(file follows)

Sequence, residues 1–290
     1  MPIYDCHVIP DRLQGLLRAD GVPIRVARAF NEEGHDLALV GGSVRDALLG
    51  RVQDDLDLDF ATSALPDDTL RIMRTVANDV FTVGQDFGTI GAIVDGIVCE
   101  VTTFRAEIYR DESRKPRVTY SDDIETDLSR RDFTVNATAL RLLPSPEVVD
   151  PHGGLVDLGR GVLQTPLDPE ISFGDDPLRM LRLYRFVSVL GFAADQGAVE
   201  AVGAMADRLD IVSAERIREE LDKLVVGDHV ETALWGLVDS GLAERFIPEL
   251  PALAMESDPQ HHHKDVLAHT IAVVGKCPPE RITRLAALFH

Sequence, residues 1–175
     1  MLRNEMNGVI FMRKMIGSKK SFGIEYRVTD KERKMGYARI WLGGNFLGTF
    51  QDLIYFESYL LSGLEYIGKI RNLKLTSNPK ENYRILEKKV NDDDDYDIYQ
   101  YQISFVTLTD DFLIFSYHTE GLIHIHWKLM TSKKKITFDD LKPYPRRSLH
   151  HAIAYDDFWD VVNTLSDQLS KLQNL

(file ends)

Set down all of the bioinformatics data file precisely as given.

Sequence, residues 1–290
     1  MPIYDCHVIP DRLQGLLRAD GVPIRVARAF NEEGHDLALV GGSVRDALLG
    51  RVQDDLDLDF ATSALPDDTL RIMRTVANDV FTVGQDFGTI GAIVDGIVCE
   101  VTTFRAEIYR DESRKPRVTY SDDIETDLSR RDFTVNATAL RLLPSPEVVD
   151  PHGGLVDLGR GVLQTPLDPE ISFGDDPLRM LRLYRFVSVL GFAADQGAVE
   201  AVGAMADRLD IVSAERIREE LDKLVVGDHV ETALWGLVDS GLAERFIPEL
   251  PALAMESDPQ HHHKDVLAHT IAVVGKCPPE RITRLAALFH

Sequence, residues 1–175
     1  MLRNEMNGVI FMRKMIGSKK SFGIEYRVTD KERKMGYARI WLGGNFLGTF
    51  QDLIYFESYL LSGLEYIGKI RNLKLTSNPK ENYRILEKKV NDDDDYDIYQ
   101  YQISFVTLTD DFLIFSYHTE GLIHIHWKLM TSKKKITFDD LKPYPRRSLH
   151  HAIAYDDFWD VVNTLSDQLS KLQNL